Its so hard to pick favourites, but I will because there are moments that stood out that made my night, including Wong’s opening number of The Music of the Night, sung as well as I’ve heard Simon Gleeson sing. His tone is just so smooth and the vocal control is insane. The cello accompaniment was the perfect choice to let his vocals shine.

Another standout was Evita by Bianca Bruce, and even though I saw Evita in Melbourne, I thought Bruce knocked it out of the park; the strength, the precision and a real emotional essence, not to mention the wonderful harmony from the cast humming along was stunning.

A new favourite for me from the evening is now Too Much in Love to Care, Sunset Boulevard (Conaghan & Spears). The harmonies are gorgeous and made me feel a real connection between them.

And I just cant go past Macavity, Cats by Bruce & Scalzo. It was playful, a joy to watch, and some serious vocals to match.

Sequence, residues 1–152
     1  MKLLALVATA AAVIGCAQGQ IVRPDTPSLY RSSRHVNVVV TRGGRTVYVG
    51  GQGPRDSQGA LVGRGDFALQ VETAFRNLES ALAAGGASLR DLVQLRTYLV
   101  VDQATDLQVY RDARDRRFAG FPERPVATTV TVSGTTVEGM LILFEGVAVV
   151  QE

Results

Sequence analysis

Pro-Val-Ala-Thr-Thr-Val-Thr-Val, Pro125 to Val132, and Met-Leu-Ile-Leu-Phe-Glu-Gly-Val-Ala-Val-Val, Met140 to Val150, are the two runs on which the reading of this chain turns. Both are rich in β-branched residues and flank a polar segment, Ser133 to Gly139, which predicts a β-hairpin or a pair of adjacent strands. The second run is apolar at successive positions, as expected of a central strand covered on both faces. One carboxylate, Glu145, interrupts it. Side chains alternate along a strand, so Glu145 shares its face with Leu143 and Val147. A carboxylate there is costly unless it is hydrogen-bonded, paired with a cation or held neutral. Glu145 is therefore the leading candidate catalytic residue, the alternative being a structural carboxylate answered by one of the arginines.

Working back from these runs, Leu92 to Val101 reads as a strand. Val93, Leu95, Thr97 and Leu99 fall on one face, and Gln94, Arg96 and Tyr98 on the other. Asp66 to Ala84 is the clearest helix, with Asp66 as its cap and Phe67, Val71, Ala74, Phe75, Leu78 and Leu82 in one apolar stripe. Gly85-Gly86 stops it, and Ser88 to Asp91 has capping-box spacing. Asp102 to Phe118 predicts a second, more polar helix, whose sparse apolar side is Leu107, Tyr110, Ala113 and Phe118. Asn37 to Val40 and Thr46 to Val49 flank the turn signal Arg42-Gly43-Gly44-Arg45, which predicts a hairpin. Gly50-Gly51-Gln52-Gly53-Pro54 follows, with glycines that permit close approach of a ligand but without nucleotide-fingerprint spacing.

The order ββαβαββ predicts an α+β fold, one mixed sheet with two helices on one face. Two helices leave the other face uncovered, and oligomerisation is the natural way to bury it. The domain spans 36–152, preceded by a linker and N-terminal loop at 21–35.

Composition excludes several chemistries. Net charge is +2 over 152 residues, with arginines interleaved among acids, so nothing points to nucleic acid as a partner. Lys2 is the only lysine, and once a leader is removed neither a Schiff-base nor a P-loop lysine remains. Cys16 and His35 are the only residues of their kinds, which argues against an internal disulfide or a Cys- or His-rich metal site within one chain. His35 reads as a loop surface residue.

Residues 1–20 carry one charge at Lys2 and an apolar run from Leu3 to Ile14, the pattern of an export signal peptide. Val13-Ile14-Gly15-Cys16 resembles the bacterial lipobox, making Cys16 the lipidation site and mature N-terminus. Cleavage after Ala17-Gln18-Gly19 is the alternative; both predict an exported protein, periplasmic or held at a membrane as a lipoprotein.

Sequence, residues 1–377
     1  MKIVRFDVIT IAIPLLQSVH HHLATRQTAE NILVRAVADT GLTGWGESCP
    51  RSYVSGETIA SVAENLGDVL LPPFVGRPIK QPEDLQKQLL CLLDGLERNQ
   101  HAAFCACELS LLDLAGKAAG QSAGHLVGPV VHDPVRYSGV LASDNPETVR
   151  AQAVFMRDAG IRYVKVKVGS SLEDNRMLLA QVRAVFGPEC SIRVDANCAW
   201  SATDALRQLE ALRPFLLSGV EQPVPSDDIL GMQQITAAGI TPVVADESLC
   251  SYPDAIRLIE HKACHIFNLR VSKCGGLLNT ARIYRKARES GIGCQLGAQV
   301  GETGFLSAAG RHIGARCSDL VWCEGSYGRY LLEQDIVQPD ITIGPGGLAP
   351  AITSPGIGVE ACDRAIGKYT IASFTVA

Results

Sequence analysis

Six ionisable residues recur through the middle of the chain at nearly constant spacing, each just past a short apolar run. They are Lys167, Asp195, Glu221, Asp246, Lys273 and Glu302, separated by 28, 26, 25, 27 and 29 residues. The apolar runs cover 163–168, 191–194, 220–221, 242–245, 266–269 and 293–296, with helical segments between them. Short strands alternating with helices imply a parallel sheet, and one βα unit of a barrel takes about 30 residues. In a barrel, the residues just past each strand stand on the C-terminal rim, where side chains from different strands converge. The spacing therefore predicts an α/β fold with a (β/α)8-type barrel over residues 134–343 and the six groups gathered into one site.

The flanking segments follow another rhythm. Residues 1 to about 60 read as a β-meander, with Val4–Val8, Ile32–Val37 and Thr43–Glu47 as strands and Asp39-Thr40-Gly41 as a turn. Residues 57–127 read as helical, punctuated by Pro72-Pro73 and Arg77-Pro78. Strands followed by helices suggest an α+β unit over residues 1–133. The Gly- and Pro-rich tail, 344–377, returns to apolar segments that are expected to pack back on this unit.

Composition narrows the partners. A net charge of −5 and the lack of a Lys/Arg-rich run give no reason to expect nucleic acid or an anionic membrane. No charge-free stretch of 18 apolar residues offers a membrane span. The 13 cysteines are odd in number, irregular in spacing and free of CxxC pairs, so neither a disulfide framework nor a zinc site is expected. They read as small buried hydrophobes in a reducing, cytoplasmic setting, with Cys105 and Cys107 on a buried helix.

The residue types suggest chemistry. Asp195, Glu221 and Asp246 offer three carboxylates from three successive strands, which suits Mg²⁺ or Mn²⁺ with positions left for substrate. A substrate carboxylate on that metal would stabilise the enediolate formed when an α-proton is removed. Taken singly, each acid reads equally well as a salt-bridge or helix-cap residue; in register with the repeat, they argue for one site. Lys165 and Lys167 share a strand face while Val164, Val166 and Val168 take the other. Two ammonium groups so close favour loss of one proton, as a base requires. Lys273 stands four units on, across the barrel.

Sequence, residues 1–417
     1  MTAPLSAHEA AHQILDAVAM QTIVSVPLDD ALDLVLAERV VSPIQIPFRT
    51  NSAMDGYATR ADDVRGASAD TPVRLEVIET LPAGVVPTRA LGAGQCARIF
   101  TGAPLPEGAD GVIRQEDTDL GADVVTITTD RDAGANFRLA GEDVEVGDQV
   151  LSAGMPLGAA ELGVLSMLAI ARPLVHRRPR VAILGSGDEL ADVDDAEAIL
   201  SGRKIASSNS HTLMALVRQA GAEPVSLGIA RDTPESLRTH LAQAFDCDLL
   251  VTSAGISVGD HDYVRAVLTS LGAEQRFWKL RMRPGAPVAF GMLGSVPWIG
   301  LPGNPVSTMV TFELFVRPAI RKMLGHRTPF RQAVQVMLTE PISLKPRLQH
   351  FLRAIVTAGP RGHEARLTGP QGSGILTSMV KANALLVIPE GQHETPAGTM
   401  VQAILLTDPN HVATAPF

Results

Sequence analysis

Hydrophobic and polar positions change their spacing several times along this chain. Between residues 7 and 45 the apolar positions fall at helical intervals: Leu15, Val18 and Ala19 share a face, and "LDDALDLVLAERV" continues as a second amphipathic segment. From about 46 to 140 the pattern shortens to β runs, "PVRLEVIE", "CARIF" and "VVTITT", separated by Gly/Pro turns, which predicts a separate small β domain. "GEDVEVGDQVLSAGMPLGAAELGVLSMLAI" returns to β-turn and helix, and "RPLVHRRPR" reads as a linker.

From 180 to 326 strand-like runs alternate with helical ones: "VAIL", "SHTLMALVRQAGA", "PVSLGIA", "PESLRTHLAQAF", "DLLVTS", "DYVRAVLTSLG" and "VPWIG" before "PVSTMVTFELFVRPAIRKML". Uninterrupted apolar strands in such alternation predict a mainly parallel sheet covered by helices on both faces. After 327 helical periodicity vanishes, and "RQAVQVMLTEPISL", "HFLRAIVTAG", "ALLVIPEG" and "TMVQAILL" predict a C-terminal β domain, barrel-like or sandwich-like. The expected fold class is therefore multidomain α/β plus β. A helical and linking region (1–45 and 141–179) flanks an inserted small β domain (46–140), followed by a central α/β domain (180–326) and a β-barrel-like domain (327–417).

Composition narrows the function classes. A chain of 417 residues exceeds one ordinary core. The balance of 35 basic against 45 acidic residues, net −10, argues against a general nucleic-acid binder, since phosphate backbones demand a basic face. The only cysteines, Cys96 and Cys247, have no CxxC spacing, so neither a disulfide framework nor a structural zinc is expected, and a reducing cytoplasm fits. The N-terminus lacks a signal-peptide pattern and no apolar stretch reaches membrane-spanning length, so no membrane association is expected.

Across the cast you could feel a sense of connection and respect for one another, and how it lifted each other up; you could see how special it was to have Byrne on stage with them. I’m clearing my calendar for a second viewing!

I could go on about every song, they were all amazing, and wonderfully accompanied by Music Director Stephen Gray and the band, Gary Norman, Nathan Post and John Clarke.

You’d be crazy to miss this very short season of just 6 shows at Chapel off Chapel from 12 May to 16 May

Tickets available at www.chapeloffchapel.com.au

Photography by Ben Fon

Film review: Twist

A modern retelling of a Dickens’ classic with a little extra twist.

By Narelle Wood

In this remaking of Charles Dickens’ classic, directed by Martin Owen, Twist offers a fresh ending that addresses issues of exploitation, and provides some consequences for bad behaviour.

Filmed in a style that is something more akin to a Guy Richie action film in parts, the opening sequence follows a fast-paced parkour action sequence. This sets up not only the modern retelling, but the intrigue and misadventure that ensues. Owen’s direction slows throughout the film, replaced by an action-inspired soundtrack to help create a sense of urgency.